Johnny Cash's childhood home now open as tourist attraction

By Benjamin Mazzara,

Johnny Cash’s childhood home in Dyess, Arkansas has now been opened to the pubic as a tourist attraction.

Called “The Johnny Cash Boyhood Home,” Arkansas State University’s newest Heritage site will be open for public tours after a large restoration project that took place which repaired Cash’s home along with several other houses in the neighborhood.

The home attempts to capture the feeling of the 1930s in which Cash lived, and even includes cultural artifacts like Cash’s mother’s piano, his father’s shaving mug, and the house’s original flooring, including the burn marks on the linoleum from the wood-burning stove. While the home had a toilet and a sink, the home had no running water and no electricity until 1945.

As Ruth Hawkins, director of the Heritage Site program, told CNN, most of the other furniture in the house are not original pieces, but objects of the time donated by others.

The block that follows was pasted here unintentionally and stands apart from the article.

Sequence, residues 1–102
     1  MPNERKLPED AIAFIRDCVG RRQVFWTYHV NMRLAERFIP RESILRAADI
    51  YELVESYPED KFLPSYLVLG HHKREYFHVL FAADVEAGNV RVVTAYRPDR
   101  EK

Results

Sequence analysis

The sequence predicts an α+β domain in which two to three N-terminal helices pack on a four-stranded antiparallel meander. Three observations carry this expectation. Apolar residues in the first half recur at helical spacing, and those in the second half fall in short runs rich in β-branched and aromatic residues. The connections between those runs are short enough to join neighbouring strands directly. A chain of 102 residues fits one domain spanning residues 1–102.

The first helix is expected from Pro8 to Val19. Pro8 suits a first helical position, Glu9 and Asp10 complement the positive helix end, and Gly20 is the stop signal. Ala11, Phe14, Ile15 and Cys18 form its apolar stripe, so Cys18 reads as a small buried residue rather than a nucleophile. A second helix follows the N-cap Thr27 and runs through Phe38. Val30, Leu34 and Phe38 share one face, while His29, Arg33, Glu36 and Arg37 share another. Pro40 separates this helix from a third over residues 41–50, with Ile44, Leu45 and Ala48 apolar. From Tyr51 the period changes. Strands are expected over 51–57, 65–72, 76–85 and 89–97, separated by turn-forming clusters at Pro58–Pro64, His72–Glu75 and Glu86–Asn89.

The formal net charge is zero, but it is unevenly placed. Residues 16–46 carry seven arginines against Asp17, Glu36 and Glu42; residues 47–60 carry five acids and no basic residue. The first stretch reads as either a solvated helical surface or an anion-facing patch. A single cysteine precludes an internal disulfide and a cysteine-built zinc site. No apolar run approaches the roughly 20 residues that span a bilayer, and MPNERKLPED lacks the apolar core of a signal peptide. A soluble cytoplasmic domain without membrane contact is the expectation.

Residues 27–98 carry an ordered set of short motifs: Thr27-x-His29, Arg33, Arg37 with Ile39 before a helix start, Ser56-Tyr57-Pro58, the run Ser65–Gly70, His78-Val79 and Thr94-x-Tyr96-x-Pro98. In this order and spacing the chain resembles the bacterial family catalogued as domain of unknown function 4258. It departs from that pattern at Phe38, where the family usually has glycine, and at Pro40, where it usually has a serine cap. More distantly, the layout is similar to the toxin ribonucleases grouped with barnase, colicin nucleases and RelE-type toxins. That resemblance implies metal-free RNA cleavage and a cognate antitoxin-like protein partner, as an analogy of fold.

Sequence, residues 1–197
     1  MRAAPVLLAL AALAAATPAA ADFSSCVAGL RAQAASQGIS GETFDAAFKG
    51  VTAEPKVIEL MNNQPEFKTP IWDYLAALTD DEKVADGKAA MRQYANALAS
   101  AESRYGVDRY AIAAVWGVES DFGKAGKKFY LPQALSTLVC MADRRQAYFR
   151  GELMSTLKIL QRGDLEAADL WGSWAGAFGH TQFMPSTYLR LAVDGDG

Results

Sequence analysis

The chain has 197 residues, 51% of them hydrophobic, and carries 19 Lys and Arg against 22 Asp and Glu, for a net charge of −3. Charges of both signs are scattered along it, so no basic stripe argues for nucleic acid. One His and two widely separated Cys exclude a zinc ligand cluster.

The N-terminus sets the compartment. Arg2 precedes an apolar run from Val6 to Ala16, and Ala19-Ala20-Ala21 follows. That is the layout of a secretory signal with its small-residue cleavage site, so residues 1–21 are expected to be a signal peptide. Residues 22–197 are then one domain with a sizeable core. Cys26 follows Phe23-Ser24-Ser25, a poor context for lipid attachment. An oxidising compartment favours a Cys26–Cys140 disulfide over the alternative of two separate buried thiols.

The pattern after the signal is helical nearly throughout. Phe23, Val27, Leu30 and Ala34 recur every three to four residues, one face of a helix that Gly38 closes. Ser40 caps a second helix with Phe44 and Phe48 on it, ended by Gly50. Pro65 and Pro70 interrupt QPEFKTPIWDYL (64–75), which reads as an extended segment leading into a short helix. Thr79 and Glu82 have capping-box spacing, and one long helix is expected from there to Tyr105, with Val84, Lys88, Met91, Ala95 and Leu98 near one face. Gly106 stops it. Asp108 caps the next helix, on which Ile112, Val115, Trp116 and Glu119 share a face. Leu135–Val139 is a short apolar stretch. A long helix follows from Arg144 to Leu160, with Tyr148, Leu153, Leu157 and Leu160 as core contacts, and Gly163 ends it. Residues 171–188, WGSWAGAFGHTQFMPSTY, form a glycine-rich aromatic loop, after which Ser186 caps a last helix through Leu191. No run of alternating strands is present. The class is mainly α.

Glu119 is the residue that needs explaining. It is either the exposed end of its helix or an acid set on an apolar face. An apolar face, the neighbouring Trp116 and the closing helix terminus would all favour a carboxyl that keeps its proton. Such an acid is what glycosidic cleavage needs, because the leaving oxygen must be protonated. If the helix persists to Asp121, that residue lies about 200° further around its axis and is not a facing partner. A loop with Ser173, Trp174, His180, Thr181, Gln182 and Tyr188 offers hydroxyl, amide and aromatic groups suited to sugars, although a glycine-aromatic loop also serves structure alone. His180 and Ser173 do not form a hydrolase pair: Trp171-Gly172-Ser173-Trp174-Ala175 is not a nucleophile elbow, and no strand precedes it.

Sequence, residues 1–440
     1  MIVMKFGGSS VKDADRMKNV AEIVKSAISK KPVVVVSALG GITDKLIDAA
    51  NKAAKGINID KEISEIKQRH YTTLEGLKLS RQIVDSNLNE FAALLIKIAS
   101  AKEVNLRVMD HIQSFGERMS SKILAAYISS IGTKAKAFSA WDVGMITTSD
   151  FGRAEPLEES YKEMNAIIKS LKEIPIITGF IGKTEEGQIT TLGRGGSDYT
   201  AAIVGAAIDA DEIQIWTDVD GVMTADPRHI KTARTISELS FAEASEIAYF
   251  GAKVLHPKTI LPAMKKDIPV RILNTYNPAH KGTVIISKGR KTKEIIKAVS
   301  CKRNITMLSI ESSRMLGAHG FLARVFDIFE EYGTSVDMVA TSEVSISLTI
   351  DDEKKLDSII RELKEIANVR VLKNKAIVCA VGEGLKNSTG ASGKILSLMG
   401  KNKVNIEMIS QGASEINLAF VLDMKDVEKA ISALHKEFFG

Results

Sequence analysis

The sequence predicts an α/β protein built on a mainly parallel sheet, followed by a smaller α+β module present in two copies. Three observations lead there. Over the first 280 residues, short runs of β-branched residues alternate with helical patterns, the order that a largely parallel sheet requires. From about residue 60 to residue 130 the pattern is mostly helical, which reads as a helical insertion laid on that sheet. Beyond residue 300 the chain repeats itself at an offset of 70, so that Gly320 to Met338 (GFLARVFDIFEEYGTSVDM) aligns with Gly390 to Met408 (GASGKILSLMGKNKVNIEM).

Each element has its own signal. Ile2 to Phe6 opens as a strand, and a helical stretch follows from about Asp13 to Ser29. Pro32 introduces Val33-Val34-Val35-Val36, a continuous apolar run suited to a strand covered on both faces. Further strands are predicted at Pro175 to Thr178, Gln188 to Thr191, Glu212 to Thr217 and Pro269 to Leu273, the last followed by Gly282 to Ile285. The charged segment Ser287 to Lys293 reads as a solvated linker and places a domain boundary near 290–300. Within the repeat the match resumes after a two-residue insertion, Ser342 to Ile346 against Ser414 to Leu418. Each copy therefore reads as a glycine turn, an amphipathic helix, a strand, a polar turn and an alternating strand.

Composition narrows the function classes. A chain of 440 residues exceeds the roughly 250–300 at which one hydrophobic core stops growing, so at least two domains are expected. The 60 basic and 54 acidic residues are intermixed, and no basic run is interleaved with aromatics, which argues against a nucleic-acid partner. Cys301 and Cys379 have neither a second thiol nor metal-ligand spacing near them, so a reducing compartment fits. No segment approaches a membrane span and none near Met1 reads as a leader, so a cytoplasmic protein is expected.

According to the News Observer, Hawkins also noted that, "restoring the Dyess Colony Administration Building, and even saving at least one of the typical colony houses, would have been a worthwhile project, even without the Johnny Cash connection."

The project is being used to illustrate the life in Dyess during the Great Depression. Hawkins does admit, however, that without the Johnny Cash connection, "the project would not have gotten anywhere near the public support that it has, and it would not be a major tourism draw,"

Hawkins notes that the design and details of the home were based on the pictures and accounts of Cash’s siblings, Tommy Cash and Joanne Cash Yates.

CNN and the News Observer both note that Dyess was a federal agricultural resettlement community that was established in 1934 as part of President’s Franklin Roosevelt’s New Deal Program. More specifically, the Cash family were part of the farmers who successfully applied to the Works Progress Administration program, becoming one of the 487 families to be given land, a mule, and a job during this economic downturn. The Cash family moved to Dyess when Cash was three years old in 1935.

Cash himself noted the influence Dyess had on him and his music, including the song “Five Feet and Rising.” As he told to the Dyess High School reunion in 1990, Cash noted that “the little church in Dyess, Arkansas, has been such an inspiration to me, and (so have) the people from Dyess.”

He also noted in his 1997 autobiography that “Back in Arkansas, a way of life produced a certain kind of music.”



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